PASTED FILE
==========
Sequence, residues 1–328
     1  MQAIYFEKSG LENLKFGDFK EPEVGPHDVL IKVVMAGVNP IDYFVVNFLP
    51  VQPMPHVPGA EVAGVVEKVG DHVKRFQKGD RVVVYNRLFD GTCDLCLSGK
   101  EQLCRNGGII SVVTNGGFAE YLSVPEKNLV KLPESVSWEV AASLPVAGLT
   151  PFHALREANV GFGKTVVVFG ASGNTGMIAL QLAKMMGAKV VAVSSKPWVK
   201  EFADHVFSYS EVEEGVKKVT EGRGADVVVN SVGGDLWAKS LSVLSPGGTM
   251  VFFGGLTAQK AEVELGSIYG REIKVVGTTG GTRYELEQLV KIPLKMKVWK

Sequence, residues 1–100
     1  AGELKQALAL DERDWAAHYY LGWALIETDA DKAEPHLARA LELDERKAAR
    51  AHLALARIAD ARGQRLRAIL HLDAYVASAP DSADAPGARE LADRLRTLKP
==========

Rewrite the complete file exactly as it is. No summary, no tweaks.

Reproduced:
Sequence, residues 1–328
     1  MQAIYFEKSG LENLKFGDFK EPEVGPHDVL IKVVMAGVNP IDYFVVNFLP
    51  VQPMPHVPGA EVAGVVEKVG DHVKRFQKGD RVVVYNRLFD GTCDLCLSGK
   101  EQLCRNGGII SVVTNGGFAE YLSVPEKNLV KLPESVSWEV AASLPVAGLT
   151  PFHALREANV GFGKTVVVFG ASGNTGMIAL QLAKMMGAKV VAVSSKPWVK
   201  EFADHVFSYS EVEEGVKKVT EGRGADVVVN SVGGDLWAKS LSVLSPGGTM
   251  VFFGGLTAQK AEVELGSIYG REIKVVGTTG GTRYELEQLV KIPLKMKVWK

Sequence, residues 1–100
     1  AGELKQALAL DERDWAAHYY LGWALIETDA DKAEPHLARA LELDERKAAR
    51  AHLALARIAD ARGQRLRAIL HLDAYVASAP DSADAPGARE LADRLRTLKP